**Motivation**

It seems that I'm working a lot on spheres recently... or that someone close to me does so ;) Well, thing is I recently got some new equations for a neat trick that you can add to your toolbox too. Say you have a planet, or in other words, a sphere (where you most probably grow some procedural mountains or whatever). Now, say you have objects both at planetary surface level as well as in the sky or space. Given a camera position (both in surface or space), you want to know what objects are for sure NOT visible because of planet occlusion. Objects in the other side of the planet will not be visible of course, but many others will also not be because of the curvature of the planet, and that can count for a BIG amount of geometry when you are at surface level ("objects" includes "mountains" also of course).

The trick presented here can be seen at a kind of horizon mapping, and it gives analytical micropixel perfect occlusion results, for a spherical occluder(the planet) and spherical objects. Now, you can use spheres around every node of your octree to quickly discard complete subtrees of geometry on your planet :)

**The maths**

We start with the following construction (shown on the left of this text). Let

**be the camera position (we assume it's not inside any of the two spheres). The big sphere with center position**

*c***and radious**

*o***is the occluder (our planet). The small sphere with at position**

*R***and radious**

*o'***is the bounding sphere of the object that we are testing occlusion for.**

*R'*The key observation is that the small sphere will be visible or partially visible as long as

γ > α + β

Of course this doesn't take into account the case where the little sphere is between the camera and the planet, but that case we will handle separately later on. Working with angles is always a bad idea, not only it involves expensive inverse trigonometric functions, but also they are error prone because of angle value wrappings at 2π and so on. It's much more desirable to work just with vectors (vectors never lie!). So, we convert the previous condition by taking cosines in both sides (cosines are always dot products of vectors!):

cos(γ) < cos(α+β) = cos(α)⋅cos(β) - sin(α)⋅sin(β)

Note that the direction of the comparison changed of course. Now we have to identify all these sines and cosines. Looking to the image above, we get:

where

Let's call k = cos(γ) and put it all together to get:

This is much nicer already than the angle nightmare. However we can do better and get rid of the square root. Note that we want to flag objects as visible when the inequality holds. If the left part of the inequality is negative, the object will be this visible for sure. If it's positive, we have to compute the complete thing. Before going on, let's introduce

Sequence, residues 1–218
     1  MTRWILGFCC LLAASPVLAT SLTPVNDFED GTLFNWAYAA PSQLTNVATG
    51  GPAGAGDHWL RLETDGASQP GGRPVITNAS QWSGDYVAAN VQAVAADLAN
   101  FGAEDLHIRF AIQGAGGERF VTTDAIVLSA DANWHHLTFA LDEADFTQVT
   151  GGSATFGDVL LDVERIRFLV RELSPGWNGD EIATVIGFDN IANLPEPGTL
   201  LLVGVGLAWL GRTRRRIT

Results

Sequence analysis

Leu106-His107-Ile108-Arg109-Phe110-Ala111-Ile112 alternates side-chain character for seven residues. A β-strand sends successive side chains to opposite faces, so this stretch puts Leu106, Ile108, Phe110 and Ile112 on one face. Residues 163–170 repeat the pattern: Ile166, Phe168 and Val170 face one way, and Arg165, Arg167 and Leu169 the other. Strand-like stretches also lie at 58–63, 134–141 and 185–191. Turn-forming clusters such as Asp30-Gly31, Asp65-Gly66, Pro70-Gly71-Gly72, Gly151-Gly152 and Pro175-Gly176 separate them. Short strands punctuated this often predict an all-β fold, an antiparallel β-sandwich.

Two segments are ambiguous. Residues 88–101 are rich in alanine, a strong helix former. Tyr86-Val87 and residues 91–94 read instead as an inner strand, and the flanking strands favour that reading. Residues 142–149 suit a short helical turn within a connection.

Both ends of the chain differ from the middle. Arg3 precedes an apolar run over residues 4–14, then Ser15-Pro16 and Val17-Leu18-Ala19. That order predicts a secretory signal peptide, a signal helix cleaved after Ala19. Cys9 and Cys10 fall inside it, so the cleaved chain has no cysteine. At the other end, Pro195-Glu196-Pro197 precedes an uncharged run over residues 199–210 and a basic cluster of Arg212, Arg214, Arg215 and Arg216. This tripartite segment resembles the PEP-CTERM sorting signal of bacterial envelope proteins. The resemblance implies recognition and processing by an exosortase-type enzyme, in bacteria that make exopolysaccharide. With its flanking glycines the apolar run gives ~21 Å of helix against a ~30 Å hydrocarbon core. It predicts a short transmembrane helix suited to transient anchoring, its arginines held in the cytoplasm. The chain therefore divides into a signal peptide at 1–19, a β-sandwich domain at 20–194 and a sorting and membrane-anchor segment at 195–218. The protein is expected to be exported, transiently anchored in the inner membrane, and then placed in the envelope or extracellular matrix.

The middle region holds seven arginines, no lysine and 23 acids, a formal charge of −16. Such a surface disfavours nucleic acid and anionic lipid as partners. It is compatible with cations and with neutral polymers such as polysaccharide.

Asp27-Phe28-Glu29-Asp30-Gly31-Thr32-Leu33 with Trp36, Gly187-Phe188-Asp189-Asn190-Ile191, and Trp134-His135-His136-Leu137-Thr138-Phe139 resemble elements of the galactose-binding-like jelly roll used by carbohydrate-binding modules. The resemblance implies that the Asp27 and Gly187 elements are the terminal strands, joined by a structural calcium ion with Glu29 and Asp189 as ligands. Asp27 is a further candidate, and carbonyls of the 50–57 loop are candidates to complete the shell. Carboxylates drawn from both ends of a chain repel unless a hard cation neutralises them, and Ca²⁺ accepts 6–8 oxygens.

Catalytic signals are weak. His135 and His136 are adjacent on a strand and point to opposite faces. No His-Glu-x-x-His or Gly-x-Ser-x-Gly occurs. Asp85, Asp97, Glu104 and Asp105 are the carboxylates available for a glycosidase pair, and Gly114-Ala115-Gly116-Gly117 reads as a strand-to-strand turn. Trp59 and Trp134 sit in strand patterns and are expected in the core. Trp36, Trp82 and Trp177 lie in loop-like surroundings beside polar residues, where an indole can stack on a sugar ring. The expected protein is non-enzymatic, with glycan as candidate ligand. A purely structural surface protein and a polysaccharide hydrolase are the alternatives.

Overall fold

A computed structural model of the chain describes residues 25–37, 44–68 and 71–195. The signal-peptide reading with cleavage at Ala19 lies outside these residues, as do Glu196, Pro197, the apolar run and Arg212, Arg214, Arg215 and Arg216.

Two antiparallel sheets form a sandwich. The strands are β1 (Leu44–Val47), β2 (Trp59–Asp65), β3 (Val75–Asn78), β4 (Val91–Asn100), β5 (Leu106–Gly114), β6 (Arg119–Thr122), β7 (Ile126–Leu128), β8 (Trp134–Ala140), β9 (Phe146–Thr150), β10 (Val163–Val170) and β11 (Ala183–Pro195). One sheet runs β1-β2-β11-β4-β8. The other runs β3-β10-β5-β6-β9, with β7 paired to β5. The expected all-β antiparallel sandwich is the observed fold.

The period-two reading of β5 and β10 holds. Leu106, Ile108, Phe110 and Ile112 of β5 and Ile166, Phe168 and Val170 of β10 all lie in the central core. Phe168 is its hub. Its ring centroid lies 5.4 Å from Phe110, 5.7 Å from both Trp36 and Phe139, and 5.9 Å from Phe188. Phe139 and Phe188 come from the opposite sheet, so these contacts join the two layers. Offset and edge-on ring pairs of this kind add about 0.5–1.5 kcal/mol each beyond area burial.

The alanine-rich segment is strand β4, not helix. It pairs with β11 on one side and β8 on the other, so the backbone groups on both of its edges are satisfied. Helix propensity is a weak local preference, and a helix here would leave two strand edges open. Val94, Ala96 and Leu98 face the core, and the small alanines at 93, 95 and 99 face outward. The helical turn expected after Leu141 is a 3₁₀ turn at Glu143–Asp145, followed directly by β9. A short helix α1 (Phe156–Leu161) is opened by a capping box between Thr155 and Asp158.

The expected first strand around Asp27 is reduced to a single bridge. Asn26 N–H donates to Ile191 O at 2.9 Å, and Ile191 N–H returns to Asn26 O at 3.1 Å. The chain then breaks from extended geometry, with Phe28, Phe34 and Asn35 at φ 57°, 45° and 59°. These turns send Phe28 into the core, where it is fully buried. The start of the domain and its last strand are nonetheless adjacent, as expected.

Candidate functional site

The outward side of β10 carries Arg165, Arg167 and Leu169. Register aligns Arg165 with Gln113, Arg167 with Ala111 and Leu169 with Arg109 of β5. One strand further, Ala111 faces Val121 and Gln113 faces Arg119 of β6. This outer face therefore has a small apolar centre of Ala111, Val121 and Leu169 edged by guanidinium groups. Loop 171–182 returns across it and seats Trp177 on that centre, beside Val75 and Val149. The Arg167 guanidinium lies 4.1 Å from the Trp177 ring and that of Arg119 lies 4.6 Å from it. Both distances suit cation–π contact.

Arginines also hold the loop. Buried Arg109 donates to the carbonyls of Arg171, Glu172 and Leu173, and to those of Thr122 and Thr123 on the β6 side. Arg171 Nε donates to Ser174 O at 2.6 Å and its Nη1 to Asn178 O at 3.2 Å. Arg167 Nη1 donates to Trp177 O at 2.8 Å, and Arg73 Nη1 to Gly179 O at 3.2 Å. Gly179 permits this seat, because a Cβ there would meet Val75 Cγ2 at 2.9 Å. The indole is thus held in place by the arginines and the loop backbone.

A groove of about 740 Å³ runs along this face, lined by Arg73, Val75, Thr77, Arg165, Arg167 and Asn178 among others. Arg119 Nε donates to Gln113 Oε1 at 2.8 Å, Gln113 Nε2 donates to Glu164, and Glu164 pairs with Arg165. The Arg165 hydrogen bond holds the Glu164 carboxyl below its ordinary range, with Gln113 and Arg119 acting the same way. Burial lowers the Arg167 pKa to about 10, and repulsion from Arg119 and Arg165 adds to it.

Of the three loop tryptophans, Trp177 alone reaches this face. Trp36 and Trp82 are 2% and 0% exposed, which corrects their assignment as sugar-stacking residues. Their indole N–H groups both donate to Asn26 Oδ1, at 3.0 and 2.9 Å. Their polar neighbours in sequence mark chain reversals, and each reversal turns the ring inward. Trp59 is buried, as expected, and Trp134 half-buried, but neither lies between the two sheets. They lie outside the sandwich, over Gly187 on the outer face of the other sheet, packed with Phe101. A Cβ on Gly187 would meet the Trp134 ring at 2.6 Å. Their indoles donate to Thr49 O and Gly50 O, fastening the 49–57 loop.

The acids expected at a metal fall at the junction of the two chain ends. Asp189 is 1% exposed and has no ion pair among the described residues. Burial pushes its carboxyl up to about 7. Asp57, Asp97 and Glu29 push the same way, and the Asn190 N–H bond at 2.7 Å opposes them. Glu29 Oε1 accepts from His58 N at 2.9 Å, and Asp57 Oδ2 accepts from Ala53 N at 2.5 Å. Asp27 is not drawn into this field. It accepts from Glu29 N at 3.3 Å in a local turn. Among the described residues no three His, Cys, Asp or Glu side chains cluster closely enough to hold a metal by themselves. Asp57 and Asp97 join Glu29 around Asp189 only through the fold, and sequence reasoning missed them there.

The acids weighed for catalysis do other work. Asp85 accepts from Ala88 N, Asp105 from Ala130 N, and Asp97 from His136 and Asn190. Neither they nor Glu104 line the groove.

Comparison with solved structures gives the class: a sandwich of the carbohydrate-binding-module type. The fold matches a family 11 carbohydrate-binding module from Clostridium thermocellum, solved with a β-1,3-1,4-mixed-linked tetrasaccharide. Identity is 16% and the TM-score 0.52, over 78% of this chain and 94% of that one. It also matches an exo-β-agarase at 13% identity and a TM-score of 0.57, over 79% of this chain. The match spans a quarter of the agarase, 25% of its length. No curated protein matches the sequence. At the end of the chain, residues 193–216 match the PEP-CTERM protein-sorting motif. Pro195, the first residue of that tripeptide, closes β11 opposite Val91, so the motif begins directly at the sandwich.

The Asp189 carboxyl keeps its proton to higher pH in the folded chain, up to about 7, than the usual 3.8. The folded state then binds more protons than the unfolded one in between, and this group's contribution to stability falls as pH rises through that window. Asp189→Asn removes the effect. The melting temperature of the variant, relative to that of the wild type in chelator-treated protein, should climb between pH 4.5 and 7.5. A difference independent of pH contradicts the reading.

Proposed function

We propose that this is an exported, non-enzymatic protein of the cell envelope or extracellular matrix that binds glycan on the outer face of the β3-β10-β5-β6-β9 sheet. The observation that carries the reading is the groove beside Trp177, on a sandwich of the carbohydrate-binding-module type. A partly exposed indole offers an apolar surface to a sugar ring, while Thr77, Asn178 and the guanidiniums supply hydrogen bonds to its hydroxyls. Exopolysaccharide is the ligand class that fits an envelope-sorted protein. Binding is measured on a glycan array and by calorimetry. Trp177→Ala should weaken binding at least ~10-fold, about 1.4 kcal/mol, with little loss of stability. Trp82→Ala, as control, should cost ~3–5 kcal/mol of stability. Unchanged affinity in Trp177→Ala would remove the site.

and see that we can check for the sign of the left part by

k > k

_{1}⋅ k

_{2}

Now, the complete equation can be simplified by taking squares in both sides. The resulting inequality is:

k

_{1}

^{2}+ k

_{2}

^{2}< 1 - k

^{2}+ 2k⋅ k

_{1}⋅ k

_{2}

what is quite cool (simple and fast to compute, ie, elegant!) You can reinterpret it as

what looks like the a kind of cosine law btw :)

**Implementation**

The implementation is straightforward. However, one can realize that we can get rid of the two inverse square roots and have a totally divisions and square root free! That makes it extremelly efficient:

int sphereVisibility( in vec3 ca, in float ra, in vec3 cb, float rb, in vec3 c )
{
float aa = dot(ca-c,ca-c);
float bb = dot(cb-c,cb-c);
float ab = dot(ca-c,cb-c);
float s = ab*ab + ra*ra*bb + rb*rb*aa - aa*bb;
float t = 2.0*ab*ra*rb;
if( s + t < 0.0 ) return 1;
else if( s - t < 0.0 ) return 2;
return 3;
}

Note that this method is a kind of 2D overlap test, it will report occlusion when the object is the "shadow" of the planet but still in front of it. The case can be easily fixed by adding a plane test. The plane is formed by the circular cap where the cone formed by the planet the the camera (being the later the apex) intersects the sphere (a disk). The center of the disk can be computed as in this article, and then a dot product will tell you if your object is between that plane and the camera.

A realtime interactive implementation of the code above can be found here (click in the title to navigate to the source code, or simply move the mouse along the image to change the position of the spheres. You can find code here: https://www.shadertoy.com/view/XdS3Rt.